While examining antimicrobial drug use in household pets is new for the U.S., it's already being done in other countries, the United Kingdom among them.
In its most recent update on the issue, the U.K. Veterinary Medicines Directorate reported in October that sales of veterinary antibiotics for companion animals in Britain decreased by 25% between 2018 and 2017; and by 50% since 2014.
The FDA CVM, in a plan titled "Supporting Antimicrobial Stewardship in Veterinary Settings," lays out its goals for the fiscal years 2019-23. The goals include more work on the food-animal side, as well as developing and implementing strategies involving companion animals.
Part of the agency's plan is to solicit public input on antimicrobial-use practices in companion animals and their impact on the development of resistance. When that will happen and in what format has not yet been determined.
The FDA began in 2012 taking steps to restrict the use of medically important antimicrobial drugs in food animals. Whereas livestock producers used to be allowed to feed antibiotics to animals to help them grow faster, today that's not permitted. Moreover, such drugs no longer are available over the counter; their use must be authorized by a veterinarian.
Ten years ago, the concept that veterinarians should oversee all uses of antimicrobial drugs in animals was controversial in the U.S., even within the profession. In 2009, Flynn appeared before the American Veterinary Medical Association House of Delegates to advocate for a resolution that veterinarians should be involved whenever antimicrobial drugs were used in animals. But the House opted not to vote on the resolution, instead asking that a task force study the issue.
Today, the AVMA agrees with the FDA: "Veterinary oversight is and should be required whenever medically important antibiotics are administered to animals, including via feed or water," the organization states on its website.
The association supports the agency's efforts to characterize how antimicrobial drugs are used in pets, as well. "Gathering data on the use of antimicrobial drugs in companion animals is an important step in the FDA's 5-year plan to address concerns around antimicrobial resistance in both animals and people," said AVMA spokesperson Michael San Filippo by email. "The AVMA appreciates the value of science-based decision-making and recognizes that learning more about why, what, when and how we use therapeutic agents is important to making sure we all use [them] as judiciously as possible."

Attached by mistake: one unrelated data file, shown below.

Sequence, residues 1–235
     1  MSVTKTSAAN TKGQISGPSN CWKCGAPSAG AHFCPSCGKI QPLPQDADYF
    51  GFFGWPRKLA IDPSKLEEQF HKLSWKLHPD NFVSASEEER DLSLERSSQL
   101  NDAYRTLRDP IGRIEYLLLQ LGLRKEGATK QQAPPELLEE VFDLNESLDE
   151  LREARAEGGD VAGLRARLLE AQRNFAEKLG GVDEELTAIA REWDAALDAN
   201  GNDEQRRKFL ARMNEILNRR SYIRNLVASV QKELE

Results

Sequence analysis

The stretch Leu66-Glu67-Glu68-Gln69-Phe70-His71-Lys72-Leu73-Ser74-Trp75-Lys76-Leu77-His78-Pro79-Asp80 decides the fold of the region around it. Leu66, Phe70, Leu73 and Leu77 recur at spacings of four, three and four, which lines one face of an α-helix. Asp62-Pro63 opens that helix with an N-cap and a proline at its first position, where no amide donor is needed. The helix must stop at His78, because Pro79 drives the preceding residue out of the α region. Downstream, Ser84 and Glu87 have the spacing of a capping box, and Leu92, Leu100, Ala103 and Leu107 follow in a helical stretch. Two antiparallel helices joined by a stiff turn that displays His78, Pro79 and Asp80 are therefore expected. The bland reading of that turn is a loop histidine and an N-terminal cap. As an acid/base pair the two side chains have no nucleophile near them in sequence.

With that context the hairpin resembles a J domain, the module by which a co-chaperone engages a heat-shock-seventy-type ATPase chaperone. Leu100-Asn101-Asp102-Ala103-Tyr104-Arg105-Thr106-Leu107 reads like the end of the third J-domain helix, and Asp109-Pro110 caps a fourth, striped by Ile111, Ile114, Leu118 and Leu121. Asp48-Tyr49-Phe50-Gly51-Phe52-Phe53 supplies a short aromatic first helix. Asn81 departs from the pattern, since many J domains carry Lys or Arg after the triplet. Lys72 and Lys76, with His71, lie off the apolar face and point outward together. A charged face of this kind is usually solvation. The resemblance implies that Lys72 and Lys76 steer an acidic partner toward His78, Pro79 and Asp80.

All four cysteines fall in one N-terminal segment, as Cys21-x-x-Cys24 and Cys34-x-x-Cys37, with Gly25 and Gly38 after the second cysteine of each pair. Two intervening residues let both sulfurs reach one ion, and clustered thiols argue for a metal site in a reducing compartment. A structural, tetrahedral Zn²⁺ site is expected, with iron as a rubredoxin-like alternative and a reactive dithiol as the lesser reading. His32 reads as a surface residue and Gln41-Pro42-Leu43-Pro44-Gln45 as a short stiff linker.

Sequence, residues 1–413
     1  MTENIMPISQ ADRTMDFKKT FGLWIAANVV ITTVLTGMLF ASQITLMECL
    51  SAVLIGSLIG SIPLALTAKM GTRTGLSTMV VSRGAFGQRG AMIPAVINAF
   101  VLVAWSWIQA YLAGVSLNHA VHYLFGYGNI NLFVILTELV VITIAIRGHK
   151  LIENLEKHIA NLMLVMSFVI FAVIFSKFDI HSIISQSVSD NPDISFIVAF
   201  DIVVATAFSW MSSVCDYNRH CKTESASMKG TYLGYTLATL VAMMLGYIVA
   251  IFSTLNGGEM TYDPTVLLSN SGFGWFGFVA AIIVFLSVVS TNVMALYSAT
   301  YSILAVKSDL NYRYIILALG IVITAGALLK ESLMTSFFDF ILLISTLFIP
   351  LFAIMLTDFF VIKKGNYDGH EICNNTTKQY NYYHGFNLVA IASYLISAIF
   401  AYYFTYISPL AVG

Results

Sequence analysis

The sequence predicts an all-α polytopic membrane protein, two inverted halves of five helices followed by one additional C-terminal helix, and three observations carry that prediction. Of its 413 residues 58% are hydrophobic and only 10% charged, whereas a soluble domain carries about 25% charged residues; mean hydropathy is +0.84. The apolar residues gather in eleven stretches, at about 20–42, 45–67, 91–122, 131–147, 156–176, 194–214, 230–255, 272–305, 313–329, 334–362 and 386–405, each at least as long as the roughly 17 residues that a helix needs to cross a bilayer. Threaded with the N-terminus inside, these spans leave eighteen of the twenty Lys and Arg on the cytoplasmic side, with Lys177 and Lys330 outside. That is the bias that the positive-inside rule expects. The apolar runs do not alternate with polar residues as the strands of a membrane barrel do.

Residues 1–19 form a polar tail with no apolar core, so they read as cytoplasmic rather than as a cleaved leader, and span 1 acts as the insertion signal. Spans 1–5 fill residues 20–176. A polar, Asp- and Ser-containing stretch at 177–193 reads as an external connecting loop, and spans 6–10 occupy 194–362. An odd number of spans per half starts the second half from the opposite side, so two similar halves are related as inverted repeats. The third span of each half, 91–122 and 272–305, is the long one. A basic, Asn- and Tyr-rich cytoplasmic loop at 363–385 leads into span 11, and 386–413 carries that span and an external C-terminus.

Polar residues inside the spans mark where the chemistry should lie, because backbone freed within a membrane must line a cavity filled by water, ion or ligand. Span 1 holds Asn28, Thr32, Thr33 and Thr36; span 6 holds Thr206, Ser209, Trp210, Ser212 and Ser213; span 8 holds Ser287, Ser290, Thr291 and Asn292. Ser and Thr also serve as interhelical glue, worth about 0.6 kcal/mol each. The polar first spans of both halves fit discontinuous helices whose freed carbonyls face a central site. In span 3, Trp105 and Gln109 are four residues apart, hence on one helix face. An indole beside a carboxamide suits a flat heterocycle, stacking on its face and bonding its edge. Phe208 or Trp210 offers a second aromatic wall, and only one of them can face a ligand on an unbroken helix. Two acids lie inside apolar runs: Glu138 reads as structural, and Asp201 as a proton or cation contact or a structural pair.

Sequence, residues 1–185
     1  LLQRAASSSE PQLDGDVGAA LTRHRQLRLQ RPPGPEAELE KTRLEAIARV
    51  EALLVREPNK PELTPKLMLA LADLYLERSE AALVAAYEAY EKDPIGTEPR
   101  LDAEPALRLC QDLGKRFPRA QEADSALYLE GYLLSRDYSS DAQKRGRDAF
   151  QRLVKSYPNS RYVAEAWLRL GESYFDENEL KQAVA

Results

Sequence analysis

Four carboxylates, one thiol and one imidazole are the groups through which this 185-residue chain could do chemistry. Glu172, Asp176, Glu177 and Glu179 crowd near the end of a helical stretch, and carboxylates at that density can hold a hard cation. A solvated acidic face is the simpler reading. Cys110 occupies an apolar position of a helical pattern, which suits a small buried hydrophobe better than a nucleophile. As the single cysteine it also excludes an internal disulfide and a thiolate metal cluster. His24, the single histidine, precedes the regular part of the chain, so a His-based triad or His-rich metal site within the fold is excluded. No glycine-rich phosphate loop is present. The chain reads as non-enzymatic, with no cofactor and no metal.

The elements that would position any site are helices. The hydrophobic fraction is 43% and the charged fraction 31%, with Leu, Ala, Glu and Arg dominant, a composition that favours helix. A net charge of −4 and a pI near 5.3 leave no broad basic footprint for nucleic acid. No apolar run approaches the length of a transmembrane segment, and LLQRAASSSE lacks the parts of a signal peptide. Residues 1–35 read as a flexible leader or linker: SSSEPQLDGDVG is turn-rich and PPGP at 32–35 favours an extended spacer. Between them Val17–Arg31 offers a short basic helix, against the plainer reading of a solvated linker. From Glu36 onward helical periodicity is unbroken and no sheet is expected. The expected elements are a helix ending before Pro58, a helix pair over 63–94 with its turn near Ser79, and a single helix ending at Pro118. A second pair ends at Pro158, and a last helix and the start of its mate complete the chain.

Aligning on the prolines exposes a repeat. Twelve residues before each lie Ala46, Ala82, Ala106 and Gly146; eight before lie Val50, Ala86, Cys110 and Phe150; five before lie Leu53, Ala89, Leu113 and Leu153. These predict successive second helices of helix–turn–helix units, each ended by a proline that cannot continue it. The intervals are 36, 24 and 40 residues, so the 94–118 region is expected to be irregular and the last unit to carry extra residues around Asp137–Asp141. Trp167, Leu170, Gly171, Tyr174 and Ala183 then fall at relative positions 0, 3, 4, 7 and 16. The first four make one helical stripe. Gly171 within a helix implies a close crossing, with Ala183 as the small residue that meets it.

As an FDA official for 26 years, working in some capacity on antimicrobial drug resistance during all that time, Flynn said, "I have seen a pretty significant shift in tone around the issue. ... In decades past, a lot of energy [was] in debating the significance of the issue, or how much any given sector was really contributing to the problem, and 'until we all resolve how much the contribution is, we're not going to make steps to change.' "
Those arguments and positions appear to be in the past, he said: "I think putting it in the context of One Health, that all uses of antibiotics are contributing [to resistance] ... has been a positive, in terms of acknowledging that and saying that it needs to be addressed."
But much work lies ahead in ensuring that effective drugs remain available, he said, adding that the prospect that new drugs will come along to serve in their stead is not assured.
He noted that when "the message is, 'you have to use these drugs judiciously, in a sparing way,' it's not a particularly strong incentive for companies to develop new products."
According to the Antibiotic Resistance Project of the Pew Charitable Trusts, "Today there are not enough drugs in development to meet current and anticipated patient needs, with many major pharmaceutical companies limiting or stopping their investments in antibiotic innovation."
Pew's tracking of drugs in the pipeline shows 42 new antibiotics in development as of June 2019. "These drugs would potentially address many, but not all, resistant bacteria," Pew says. "However, given the inevitability that some of these antibiotics will fail to win approval, and that resistance will eventually develop to those that are approved, it is clear that there are too few drugs in development ..."